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Hylozoism and the Nature of Material Substance

  • Robert Crocker
Chapter
Part of the International Archives of the History of Ideas / Archives Internationales d’Histoire des Idées book series (ARCH, volume 185)

Abstract

When not contained by his limited vitalism, ‘pure’ mechanism seemed to More to lead to a ‘nullibism’, where spirit was said to be in effect ‘nowhere’. In Descartes this had arisen from his conception of the physical world as an indefinite material extension, and his radical exclusion of all rational spiritual beings from this extension. In Hobbes this ‘nullibism’ was made more explicit: there was simply nothing that could be known from observation but matter in motion. For More such an exemplary ‘atheism’ was not strictly speaking the result of a disbelief in the existence of God, or even in the immortality of the soul, but of a philosophy which might be taken to imply such a disbelief.

Keywords

Material Substance Medical Writer Energetic Substance Immaterial Substance Intellectual Humility 
These keywords were added by machine and not by the authors. This process is experimental and the keywords may be updated as the learning algorithm improves.

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Notes

  1. 1.
    See DD: 222–4; and Psychathanasia: I i 10–18.Google Scholar
  2. 2.
    Psychathanasia: I i 14; and see above.Google Scholar
  3. 3.
    See Alexander Jacob (ed), Henry More’s Refutation of Spinoza (Hildescheim, Georg Olms, 1993), Introduction; and John Henry, “Medicine, and Pneumatology: Henry More, Richard Baxter and Francis Glisson’s Treatise on the Energetic Nature of Substance.” Medical History, 31 (1987): 15–40, especially 15–23.Google Scholar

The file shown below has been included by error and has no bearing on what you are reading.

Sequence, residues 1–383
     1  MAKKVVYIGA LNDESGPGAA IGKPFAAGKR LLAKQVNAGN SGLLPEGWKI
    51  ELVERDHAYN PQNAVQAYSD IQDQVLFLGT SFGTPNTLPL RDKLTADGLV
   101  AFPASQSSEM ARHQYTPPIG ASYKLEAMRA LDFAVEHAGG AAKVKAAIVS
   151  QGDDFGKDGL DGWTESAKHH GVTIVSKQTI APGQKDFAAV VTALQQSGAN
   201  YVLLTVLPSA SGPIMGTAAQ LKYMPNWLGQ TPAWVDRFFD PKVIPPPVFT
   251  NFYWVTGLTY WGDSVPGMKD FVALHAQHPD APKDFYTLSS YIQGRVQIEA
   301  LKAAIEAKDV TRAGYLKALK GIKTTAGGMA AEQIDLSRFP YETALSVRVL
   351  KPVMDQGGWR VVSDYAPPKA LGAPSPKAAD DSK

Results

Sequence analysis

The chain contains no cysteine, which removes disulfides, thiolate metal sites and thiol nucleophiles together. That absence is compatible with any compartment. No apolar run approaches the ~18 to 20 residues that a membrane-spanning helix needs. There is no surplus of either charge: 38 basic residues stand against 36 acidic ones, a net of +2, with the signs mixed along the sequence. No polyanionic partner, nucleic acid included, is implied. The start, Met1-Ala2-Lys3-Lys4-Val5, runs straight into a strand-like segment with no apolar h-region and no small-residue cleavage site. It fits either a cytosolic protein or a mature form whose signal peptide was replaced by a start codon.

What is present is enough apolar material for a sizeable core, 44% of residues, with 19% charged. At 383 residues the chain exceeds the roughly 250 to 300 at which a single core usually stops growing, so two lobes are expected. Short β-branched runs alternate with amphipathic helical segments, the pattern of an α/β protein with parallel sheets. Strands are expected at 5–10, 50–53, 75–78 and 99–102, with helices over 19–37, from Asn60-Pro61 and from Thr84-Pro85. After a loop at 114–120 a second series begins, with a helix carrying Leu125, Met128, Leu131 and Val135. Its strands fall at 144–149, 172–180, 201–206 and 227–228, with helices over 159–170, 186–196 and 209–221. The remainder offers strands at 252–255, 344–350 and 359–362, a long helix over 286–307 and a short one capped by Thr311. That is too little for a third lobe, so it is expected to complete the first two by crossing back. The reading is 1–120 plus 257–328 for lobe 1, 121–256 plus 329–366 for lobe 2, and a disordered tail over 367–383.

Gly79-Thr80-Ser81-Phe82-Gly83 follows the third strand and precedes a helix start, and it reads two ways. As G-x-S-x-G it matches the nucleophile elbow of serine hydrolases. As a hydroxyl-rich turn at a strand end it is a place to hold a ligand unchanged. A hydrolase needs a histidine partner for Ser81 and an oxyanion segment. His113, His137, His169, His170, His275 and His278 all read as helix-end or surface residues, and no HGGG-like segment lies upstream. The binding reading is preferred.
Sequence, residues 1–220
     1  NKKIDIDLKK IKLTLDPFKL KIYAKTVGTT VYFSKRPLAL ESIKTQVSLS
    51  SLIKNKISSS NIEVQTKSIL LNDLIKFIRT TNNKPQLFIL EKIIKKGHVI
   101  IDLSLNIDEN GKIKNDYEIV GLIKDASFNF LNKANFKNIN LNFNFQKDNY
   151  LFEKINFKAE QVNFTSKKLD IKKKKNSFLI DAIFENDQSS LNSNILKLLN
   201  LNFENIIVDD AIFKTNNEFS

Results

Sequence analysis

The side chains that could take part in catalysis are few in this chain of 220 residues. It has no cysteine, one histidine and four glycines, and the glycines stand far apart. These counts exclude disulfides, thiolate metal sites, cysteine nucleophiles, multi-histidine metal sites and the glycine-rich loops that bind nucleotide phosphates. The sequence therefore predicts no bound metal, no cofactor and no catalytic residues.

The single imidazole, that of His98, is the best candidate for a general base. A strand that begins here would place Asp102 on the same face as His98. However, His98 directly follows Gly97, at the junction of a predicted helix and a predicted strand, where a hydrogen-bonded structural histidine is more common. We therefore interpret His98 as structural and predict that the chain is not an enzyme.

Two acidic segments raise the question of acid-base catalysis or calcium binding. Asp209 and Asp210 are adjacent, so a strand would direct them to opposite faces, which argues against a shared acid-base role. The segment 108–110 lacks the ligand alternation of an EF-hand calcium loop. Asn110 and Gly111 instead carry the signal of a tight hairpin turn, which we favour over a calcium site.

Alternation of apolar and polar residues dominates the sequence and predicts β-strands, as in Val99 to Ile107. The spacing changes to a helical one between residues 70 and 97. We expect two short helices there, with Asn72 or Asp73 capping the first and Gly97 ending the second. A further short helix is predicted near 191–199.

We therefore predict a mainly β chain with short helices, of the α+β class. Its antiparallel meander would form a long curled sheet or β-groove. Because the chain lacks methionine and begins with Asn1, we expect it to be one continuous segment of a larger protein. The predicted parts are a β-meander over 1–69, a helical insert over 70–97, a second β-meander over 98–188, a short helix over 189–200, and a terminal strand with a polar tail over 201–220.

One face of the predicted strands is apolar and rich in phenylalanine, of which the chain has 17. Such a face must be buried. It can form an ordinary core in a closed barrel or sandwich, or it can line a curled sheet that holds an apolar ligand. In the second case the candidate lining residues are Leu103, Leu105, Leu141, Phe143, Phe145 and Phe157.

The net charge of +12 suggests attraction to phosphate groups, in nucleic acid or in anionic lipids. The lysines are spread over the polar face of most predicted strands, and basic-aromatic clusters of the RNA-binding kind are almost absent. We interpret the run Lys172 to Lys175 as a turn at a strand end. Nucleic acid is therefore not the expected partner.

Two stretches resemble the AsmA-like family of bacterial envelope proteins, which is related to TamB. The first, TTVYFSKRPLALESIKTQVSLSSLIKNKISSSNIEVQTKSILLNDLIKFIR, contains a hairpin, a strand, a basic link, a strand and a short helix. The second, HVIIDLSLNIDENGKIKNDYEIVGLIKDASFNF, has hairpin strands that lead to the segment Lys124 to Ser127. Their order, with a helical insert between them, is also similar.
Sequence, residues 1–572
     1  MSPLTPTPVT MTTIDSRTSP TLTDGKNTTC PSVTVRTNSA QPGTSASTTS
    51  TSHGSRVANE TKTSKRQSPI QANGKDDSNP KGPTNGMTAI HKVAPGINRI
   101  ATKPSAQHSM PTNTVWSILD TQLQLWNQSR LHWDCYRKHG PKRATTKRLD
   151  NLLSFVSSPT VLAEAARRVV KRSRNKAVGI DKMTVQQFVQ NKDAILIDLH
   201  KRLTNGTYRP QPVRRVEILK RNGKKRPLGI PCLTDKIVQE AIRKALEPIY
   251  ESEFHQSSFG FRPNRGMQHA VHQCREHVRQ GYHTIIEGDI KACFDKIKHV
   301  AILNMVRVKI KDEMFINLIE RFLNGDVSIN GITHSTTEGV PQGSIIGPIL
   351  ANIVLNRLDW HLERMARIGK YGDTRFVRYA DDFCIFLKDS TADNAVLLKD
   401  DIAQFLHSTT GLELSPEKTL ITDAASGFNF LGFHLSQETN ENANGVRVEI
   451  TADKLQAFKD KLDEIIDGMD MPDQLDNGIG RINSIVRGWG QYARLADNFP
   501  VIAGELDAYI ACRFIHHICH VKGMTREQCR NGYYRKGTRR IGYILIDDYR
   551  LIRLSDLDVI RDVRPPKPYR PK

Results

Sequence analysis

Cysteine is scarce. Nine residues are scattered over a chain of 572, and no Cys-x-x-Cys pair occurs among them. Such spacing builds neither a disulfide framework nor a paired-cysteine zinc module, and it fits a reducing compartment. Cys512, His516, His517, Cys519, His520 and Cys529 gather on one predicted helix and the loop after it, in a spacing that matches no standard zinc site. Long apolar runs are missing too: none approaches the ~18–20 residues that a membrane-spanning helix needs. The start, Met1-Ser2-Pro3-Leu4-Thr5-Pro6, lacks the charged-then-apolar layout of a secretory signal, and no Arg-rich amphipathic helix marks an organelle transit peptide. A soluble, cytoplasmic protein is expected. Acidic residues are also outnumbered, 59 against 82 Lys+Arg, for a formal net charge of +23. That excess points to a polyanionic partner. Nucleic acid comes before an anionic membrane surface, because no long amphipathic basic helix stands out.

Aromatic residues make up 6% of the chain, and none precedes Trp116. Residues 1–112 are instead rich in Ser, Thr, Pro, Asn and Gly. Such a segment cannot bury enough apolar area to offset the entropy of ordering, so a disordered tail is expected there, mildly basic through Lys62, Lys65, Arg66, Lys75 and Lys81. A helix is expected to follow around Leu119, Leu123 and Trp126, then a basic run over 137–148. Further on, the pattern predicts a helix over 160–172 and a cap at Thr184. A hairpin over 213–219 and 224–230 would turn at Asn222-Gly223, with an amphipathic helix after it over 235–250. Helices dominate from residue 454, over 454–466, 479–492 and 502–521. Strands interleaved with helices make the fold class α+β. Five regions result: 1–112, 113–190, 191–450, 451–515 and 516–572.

4. 4.
    On Glisson (1597–1677) see DNB, DSB, W. Pagel, “Harvey and Glisson on Irritability with a note on Van Helmont” Bulletin of the History of Medicine 41 (1967): 497–514; W. Pagel, “The reaction to Aristotle in seventeenth century Biological Thought”, in E.A. Underwood (ed), Science, Medicine and History (2 vols, Oxford: OUP, 1953): vol 1, 489–509; and John Henry, “Medicine, and Pneumatology.” More’s tract was motivated by reading Franciscus Cuperus, Arcana Atheismi revelata, philosophice et paradoxe refutata examine Tractatus Theologico-Politici (Rotterdam, 1676). It is entitled Ad V.C. Epistola Altera quae brevem Tractatus Theologico-politici confutationem complectitur, paucaque sub fine annex habet de libri Franciscus Cuperi scopo... in Op Om (tom.2, 1679): 565–614. See 604 and 607; and Colie, Light and Enlightenment (1957), chapters 5 and 6 on More’s reaction to Spinoza and his relation to the opponents of Spinoza in Holland. See also Cristofolini, Cartesi (1974): 139–206, and especially, Sarah Hutton, “Reason and Revelation in the Cambridge Platonists, and their Reception of Spinoza.” in K. Grunder and W. Schmidt-Biggemann (eds), Spinoza in der Fruhzeit seiner Religiosen Wirkung. Wolfenbutteler Studien zur Aufldarung, 12 Heidelburg,1984, p.181–99.Google Scholar
  5. 5.
    The reference to Glisson is actually in Cuperus, but More cites it, Op Om (tom.2): 604; the scholia refuting Glisson is 604–611. See John Henry, “Medicine and Pneumatology.” Henry’s exposition of Glisson’s side of this little quarrel is exemplary, but somewhat reductionistic in its depiction of More’s, whom he wishes to show, does not argue philosophically, but theologically. This tends to also undermine his discussion of More’s subsequent quarrel with Baxter for similar reasons, discussed below.Google Scholar